The glut of information of all that is wrong in the world has been overwhelming me for years. There is only so much I can follow, only so much I can research, before I begin feeling inadequate and unprepared for the task of doing anything about much of anything at all.

I only have so much in the way of resources…time…energy…money. Every choice I make to support a cause is also a choice to not support another, just as worthwhile, cause. And what is the tiny bit of money I can give against a tidal wave of need that rises into my world every day through the multiple media channels that surround me? Every effort I make seems consumed by even greater need, until I become paralyzed and block it all from my view.

Every day I learn more about how this government, that is supposed to be representing me, doesn’t. And that knowledge pushes me further into paralysis, because how can I possibly make my voice heard in the sea of lobbyists with bankrolls and party invitations? Can I really expect issues most important to me and my kids to be prioritized above the issues of those who have underwritten the campaigns of those in office?

Then, along comes Kony 2012 and I am transfixed. In the space of two days, my Facebook, Google+ and Twitter feed are all filled with posts about this viral video. It is what I always wanted the Internet to be, but what it has not been to this point…a vehicle for amplifying the voices of the many so that they could be heard above the cash that controls the government officials. The message has been distilled and simplified to the point that it is easy to deliver, easy to understand, easy to follow and easy to support. Someone has taken what is possible with social networking and turned it into something probable.

When we join this legion of voices, we are not only amplifying a call to the government to bring Joseph Kony to justice, we are becoming a community. With this campaign, we are sensing our power as a people. We are feeling what it means to be a government of the people, by the people and for the people…as the founders intended.

I have for years agreed that the government has gotten out of hand. I have not, however, been able to get behind those who would abolish the government or lessen its power. I have worked in the oil and gas industry too long to believe that self-regulation has any possibility of keeping us, as human beings, safe and that is just the tip of the iceberg. No, we need government. But I feel pretty confident that, if the founding fathers could see what this government has turned into, they would be horrified. And, if not, it is enough for me that I am. This government does not represent me or my kids. It is easy enough to see, in the decisions made by governing bodies every day, whose interests are being protected.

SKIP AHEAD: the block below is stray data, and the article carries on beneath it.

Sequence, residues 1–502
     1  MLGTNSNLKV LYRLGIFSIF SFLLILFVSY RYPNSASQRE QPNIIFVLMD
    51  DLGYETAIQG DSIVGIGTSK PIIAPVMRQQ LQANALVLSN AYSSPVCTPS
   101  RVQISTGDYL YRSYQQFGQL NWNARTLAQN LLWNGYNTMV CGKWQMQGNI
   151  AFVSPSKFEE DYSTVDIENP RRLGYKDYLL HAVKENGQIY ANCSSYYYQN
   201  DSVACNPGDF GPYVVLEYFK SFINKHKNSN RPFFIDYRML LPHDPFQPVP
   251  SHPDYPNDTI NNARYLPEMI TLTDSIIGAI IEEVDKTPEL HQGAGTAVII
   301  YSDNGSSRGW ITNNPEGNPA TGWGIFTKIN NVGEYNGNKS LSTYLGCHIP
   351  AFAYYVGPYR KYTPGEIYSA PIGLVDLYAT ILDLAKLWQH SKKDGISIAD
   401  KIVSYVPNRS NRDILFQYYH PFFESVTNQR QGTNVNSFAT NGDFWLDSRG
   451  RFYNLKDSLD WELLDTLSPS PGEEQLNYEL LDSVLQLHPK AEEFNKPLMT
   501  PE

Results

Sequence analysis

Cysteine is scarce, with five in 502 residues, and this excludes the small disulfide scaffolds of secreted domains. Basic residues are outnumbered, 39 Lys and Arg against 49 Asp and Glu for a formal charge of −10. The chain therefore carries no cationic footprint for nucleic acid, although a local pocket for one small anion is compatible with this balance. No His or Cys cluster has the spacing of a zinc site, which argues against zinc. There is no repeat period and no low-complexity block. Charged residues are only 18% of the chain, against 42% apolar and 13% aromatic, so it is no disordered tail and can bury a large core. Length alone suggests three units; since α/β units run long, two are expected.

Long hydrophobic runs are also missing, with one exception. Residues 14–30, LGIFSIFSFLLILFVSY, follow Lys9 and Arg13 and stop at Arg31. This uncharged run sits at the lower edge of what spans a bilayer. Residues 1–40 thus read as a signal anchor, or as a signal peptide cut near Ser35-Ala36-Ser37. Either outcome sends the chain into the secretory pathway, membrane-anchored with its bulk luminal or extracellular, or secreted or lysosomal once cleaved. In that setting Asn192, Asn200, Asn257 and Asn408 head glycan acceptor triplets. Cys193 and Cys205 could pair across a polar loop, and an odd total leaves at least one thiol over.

Kony 2012 is imperfect in its goals. I have done the reading and read the reports and comments on those reports until I am swimming in them. At no point do they outline explicitly HOW justice be served, but that it remain a highly visible priority until it is….but the critics have much in the way of material to work with in their criticisms. However, at the end of the day, three important truths remain:

  1. Joseph Kony is a brutal war criminal with a trail of brutal abductions, heinous rapes, atrocious murders and maimings using children as his army.
  2. He is still at large.
  3. We have had 26 years to bring him to justice and have not.

So, it is well past time for this to become a matter of large-scale public concern.

But this…this viral campaign…is more than that. It is opening doors to the possibility that we can, as a people, demand to be part of the conversation. That we can share information more easily than ever before and discover the truths that lie outside of the tightly controlled messaging being fed to us on any given issue. That we can find a way to join our voices of concern together in a way that makes it impossible for those in power, the ones with the ability to actually represent us in a tangible way, to ignore us.

That is worth supporting. That is worth fighting for. That is worth our energy.

 

Video Skype, Adventures and Our Friend Maya

Monday, we had a long video Skype chat with our super hip friend, Maya Stein. For those of you unfamiliar with Maya, she is a feral writer, poet, chef, diorama artist and lip sync maven. She has traveled across the country doing feral writing workshops…and she is constantly dreaming up new crazy things to do.